Claude Debussy citations

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Claude Debussy

Date de naissance: 22. août 1862
Date de décès: 25. mars 1918
Autres noms: Claude A. Debussy, Claude Achille Debussy

Claude Debussy est un compositeur français né le 22 août 1862 à Saint-Germain-en-Laye et mort le 25 mars 1918 à Paris.

En posant en 1894 avec Prélude à l'Après-midi d'un faune le premier jalon de la musique moderne, Debussy place d’emblée son œuvre sous le sceau de l’avant-garde musicale. Il est brièvement wagnérien en 1889, puis anticonformiste le reste de sa vie, en rejetant tous les académismes esthétiques. Avec La Mer, il renouvelle la forme symphonique ; avec Jeux, il inscrit la musique pour ballet dans un modernisme prophétique ; avec Pelléas et Mélisande, l’opéra français sort des ornières de la tradition du drame lyrique, tandis qu’il confère à la musique de chambre, avec son quatuor à cordes et son trio, des accents impressionnistes inspirés.

Une part importante de son œuvre est pour le piano et utilise une palette sonore particulièrement riche et évocatrice.

Claude Debussy laisse l’image d’un créateur original et profond d’une musique où souffle le vent de la liberté. Son impact sera décisif dans l’histoire de la musique. Pour André Boucourechliev, il incarnerait la véritable révolution musicale du vingtième siècle.

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„Music is the space between the notes.“

—  Claude Debussy

As quoted in Turning Numbers into Knowledge: Mastering the Art of Problem Solving (2001) by Jonathan G. Koomey, p. 96; since at least 2010 similar statements are also sometimes attributed to Mozart, and a similar remark, apparently one of Ben Jonson, is quoted in "Notes to Cynthia's Revels, in The Works of Ben Jonson: With Notes Critical and Explanatory, and a Biographical Memoir (1875), edited by William Gifford, Vol. 2, in notes to p. 223, on p. 551: Division, in music, is "the space between the notes of music, or the dividing of the tones."
Unsourced variants:
Music is the silence between the notes.
The music is not in the notes, but in the silence between.
The music is not in the notes, but in the silence between them.
Variante: Music is the space between the notes.

„There’s no need either for music to make people think! … It would be enough if music could make people listen“

—  Claude Debussy

Letter to Paul Dukas (1901)
Contexte: I confess that I am no longer thinking in musical terms, or at least not much, even though I believe with all my heart that Music remains for all time the finest means of expression we have. It’s just that I find the actual pieces — whether they’re old or modern, which is in any case merely a matter of dates — so totally poverty-stricken, manifesting an inability to see beyond the work-table. They smell of the lamp, not of the sun. And then, overshadowing everything, there’s the desire to amaze one’s colleagues with arresting harmonies, quite unnecessary for the most part. In short, these days especially, music is devoid of emotional impact. I feel that, without descending to the level of the gossip column or the novel, it should be possible to solve the problem somehow. There’s no need either for music to make people think! … It would be enough if music could make people listen, despite themselves and despite their petty mundane troubles, and never mind if they’re incapable of expressing anything resembling an opinion. It would be enough if they could no longer recognize their own grey, dull faces, if they felt that for a moment they had been dreaming of an imaginary country, that’s to say, one that can’t be found on the map.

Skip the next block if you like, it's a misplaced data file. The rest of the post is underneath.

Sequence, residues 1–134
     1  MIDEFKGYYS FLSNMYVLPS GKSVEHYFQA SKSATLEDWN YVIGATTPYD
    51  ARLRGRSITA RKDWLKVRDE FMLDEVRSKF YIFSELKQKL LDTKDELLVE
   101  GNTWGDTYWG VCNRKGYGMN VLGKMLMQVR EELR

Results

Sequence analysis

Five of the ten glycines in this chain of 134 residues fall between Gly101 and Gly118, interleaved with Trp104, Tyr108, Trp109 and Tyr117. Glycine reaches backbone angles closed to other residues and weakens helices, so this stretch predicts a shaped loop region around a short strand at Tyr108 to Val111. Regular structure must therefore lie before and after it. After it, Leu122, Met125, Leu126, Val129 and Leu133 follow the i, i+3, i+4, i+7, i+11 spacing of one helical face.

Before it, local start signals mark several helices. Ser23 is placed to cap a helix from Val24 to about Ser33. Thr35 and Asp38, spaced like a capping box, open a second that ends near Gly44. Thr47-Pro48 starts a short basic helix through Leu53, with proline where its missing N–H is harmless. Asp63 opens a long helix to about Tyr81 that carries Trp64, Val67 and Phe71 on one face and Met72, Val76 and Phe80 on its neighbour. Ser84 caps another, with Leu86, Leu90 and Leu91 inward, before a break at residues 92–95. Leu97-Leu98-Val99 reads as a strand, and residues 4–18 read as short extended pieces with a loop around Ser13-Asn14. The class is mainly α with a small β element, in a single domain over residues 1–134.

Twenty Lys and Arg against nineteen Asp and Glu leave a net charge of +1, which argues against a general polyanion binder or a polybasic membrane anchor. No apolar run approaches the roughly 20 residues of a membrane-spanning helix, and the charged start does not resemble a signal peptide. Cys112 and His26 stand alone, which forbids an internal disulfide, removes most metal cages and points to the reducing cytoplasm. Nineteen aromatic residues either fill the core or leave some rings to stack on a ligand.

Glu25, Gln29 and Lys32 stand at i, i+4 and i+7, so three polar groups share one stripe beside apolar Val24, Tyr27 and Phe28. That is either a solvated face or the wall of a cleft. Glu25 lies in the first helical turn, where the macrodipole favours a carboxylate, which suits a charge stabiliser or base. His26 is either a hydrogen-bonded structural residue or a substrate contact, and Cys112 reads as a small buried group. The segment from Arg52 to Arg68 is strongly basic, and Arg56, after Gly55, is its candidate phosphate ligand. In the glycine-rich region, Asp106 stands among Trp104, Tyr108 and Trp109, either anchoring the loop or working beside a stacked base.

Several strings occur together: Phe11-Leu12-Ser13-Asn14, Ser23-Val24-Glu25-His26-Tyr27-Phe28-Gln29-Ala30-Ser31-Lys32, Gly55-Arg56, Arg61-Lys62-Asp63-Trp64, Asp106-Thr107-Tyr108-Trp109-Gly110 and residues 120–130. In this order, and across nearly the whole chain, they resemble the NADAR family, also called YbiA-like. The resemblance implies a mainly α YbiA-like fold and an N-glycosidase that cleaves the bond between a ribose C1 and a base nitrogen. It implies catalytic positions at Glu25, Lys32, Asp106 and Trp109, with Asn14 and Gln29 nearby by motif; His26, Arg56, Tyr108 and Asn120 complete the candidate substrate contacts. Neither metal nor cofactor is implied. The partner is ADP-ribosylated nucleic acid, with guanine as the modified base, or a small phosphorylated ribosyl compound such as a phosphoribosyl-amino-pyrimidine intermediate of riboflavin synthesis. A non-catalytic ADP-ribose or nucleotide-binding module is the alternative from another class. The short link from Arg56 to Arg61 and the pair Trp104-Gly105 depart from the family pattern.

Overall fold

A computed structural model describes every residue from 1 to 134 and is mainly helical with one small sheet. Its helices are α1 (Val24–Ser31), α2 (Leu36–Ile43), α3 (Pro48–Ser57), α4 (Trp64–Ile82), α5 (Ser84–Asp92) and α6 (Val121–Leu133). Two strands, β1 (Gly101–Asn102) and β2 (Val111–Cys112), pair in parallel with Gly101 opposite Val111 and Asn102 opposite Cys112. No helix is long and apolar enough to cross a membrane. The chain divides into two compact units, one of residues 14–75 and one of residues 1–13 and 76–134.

„I do not practise religion in accordance with the sacred rites. I have made mysterious Nature my religion.“

—  Claude Debussy

As quoted in Claude Debussy: His Life and Works (1933) by Léon Vallas, p. 225
Variant translation: Before the passing sky, in long hours of contemplation of its magnificent and ever-changing beauty, I am seized by an incomparable emotion. The whole expanse of nature is reflected in my own sincere and feeble soul. Around me the branches of trees reach out toward the firmament, here are sweet-scented flowers smiling in the meadow, here the soft earth is carpeted with sweet herbs. … Nature invites its ephemeral and trembling travelers to experience these wonderful and disturbing spectacles — that is what I call prayer.
As quoted in The Life of the Creative Spirit (2001) by H. Charles Romesburg, p. 240
Contexte: I do not practise religion in accordance with the sacred rites. I have made mysterious Nature my religion. I do not believe that a man is any nearer to God for being clad in priestly garments, nor that one place in a town is better adapted to meditation than another. When I gaze at a sunset sky and spend hours contemplating its marvelous ever-changing beauty, an extraordinary emotion overwhelms me. Nature in all its vastness is truthfully reflected in my sincere though feeble soul. Around me are the trees stretching up their branches to the skies, the perfumed flowers gladdening the meadow, the gentle grass-carpetted earth, … and my hands unconsciously assume an attitude of adoration. … To feel the supreme and moving beauty of the spectacle to which Nature invites her ephemeral guests! … that is what I call prayer.

„Lorem ipsum dolor sit amet, consectetuer adipiscing elit. Etiam egestas wisi a erat. Morbi imperdiet, mauris ac auctor dictum.“

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